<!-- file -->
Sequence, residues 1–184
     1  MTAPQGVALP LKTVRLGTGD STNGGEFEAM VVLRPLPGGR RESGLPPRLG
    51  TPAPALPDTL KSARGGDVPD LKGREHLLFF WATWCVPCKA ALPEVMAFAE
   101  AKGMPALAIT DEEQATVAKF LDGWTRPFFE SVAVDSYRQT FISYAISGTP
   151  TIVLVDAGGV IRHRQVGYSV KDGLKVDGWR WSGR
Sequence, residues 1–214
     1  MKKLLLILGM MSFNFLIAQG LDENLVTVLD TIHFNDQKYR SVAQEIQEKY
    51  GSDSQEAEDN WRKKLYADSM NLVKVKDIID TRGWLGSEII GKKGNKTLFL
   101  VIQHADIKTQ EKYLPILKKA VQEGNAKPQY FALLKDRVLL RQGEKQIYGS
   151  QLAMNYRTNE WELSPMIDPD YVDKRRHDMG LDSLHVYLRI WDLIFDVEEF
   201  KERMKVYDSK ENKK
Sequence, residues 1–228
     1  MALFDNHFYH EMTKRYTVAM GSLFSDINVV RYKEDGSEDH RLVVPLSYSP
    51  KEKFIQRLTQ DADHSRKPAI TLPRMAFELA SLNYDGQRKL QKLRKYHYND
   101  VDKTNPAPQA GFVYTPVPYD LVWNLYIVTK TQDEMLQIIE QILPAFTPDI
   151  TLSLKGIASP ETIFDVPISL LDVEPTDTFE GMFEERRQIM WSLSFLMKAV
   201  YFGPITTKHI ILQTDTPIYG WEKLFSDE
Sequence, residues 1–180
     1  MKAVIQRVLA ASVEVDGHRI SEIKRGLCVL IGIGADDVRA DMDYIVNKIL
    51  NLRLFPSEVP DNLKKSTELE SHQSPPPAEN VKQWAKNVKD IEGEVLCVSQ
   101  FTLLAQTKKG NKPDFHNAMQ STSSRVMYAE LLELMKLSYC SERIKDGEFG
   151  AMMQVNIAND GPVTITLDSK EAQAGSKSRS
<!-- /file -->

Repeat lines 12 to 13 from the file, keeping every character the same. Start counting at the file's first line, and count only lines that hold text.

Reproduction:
Sequence, residues 1–228
     1  MALFDNHFYH EMTKRYTVAM GSLFSDINVV RYKEDGSEDH RLVVPLSYSP